I’m going to close this podcast for now. The production on these is going to be a little bit sparse because I’m recording these at the Monastery of St. John, and I don’t have my desktop computer with me. I’ve got my pared-down laptop. So you’re on the road with Steve the Builder, and thanks for wandering with me through the deserts of Arizona and Nevada. In the next few podcasts we’ll be doing a little sight-seeing and stopping by the side of the road and visiting some interesting places. Oh, and by the way? You can see companion pictures to this travelogue on my blog. Just Google: “Pithless Thoughts” and it’ll pop up. Thanks for riding with me, and we’ll see you next time on Steve the Builder.
I have a postscript to this podcast. At the monastery they have me actually staying in the bishop’s quarters because I’m the despota of drywall. Abbot Meletios said, “This is how highly we regard this drywall work for our church.” I’m sitting at the desk, and in a frame there’s a prayer of the Optina Elders, and it’s appropriate for the bishop but it’s also appropriate for all of us, as we consider the will of God. It says:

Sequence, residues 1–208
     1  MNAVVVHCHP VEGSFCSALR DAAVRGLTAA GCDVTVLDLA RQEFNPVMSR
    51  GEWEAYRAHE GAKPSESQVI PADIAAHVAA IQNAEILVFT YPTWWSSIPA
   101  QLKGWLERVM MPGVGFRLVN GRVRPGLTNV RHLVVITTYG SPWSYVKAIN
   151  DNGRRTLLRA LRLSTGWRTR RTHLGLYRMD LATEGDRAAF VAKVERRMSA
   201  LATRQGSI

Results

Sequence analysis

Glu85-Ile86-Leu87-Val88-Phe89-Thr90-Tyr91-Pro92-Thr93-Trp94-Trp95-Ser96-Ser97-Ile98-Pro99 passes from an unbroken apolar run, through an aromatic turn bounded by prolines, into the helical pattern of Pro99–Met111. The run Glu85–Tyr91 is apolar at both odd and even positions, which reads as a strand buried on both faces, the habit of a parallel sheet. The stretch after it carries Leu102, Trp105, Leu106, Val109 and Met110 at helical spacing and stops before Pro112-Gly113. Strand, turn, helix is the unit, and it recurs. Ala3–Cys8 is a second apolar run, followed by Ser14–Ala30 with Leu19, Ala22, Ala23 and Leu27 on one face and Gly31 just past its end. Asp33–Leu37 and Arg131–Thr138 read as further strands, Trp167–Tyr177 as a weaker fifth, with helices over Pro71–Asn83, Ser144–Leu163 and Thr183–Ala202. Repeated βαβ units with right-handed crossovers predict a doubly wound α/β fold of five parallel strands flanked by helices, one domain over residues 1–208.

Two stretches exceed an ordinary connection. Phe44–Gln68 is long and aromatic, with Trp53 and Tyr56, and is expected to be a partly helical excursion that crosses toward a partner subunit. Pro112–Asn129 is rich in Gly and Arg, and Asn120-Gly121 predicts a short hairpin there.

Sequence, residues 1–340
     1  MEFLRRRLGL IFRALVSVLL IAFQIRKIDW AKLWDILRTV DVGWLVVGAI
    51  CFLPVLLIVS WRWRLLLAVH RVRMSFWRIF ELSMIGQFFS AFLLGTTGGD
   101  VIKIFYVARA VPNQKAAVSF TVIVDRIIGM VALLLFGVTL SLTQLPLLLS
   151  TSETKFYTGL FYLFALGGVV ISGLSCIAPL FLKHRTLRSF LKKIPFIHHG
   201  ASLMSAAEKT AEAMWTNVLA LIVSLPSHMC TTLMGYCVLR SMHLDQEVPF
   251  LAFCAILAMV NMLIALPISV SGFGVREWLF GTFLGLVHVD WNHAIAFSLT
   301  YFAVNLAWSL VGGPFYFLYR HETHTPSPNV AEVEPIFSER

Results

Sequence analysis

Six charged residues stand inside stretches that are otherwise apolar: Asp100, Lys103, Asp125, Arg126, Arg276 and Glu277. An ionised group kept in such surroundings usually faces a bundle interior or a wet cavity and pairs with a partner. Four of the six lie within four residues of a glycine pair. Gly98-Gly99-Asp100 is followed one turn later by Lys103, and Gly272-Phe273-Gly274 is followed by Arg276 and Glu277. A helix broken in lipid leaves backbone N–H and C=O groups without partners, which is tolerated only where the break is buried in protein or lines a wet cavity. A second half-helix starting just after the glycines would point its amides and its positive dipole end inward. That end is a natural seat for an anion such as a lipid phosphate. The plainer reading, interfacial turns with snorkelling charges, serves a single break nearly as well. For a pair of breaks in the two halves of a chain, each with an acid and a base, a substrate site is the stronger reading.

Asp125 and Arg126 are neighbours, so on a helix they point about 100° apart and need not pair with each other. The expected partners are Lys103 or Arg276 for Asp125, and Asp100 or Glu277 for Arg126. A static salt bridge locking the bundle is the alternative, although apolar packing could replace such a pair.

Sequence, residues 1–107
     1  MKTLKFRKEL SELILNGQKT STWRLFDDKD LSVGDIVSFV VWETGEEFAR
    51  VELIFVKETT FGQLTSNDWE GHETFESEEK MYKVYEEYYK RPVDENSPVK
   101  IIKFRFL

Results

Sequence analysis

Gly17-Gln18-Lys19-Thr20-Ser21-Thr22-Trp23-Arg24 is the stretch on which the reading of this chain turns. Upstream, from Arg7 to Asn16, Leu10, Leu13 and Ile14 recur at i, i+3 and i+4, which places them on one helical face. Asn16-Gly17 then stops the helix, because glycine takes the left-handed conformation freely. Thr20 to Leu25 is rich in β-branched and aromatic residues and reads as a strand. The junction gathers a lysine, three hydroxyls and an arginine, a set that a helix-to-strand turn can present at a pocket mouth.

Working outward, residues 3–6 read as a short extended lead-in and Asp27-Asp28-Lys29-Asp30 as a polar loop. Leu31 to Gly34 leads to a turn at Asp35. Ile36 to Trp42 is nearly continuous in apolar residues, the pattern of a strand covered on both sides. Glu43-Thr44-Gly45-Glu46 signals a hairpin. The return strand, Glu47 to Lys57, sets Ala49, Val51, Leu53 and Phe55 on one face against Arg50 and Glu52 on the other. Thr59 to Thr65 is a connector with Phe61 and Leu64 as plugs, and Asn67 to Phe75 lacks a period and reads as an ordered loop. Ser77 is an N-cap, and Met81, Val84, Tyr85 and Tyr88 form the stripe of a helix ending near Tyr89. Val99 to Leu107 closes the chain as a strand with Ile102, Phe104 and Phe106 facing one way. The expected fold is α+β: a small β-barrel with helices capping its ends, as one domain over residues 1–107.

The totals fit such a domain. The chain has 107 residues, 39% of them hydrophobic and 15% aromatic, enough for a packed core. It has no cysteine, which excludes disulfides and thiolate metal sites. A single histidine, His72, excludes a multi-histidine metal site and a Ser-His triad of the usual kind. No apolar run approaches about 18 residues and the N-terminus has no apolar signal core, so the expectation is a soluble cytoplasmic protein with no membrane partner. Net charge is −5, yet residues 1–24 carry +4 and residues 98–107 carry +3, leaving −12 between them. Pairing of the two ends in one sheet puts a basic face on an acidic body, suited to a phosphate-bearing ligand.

Grant unto me, O Lord, that with peace of mind I may face all that this new day is to bring. Grant unto me to dedicate myself to thy holy will. For every hour of this day, instruct and support me in all things. Whatsoever tidings I may receive during the day, do thou teach me to accept tranquilly, in the firm conviction that all the eventualities fulfill thy holy will. Govern thou my thoughts and feelings in all that I do and say. When things unforeseen occur, let me not forget that all cometh down from thee. Teach me to behave sincerely and rationally toward every member of my family, that I may bring confusion and sorrow to none. Bestow upon me, my Lord, strength to endure the fatigue of the day and to bear my part in all its passing events. Guide thou my will and teach me to pray, to believe, to hope, to suffer, to forgive, and to love. Amen.
With that, goodnight.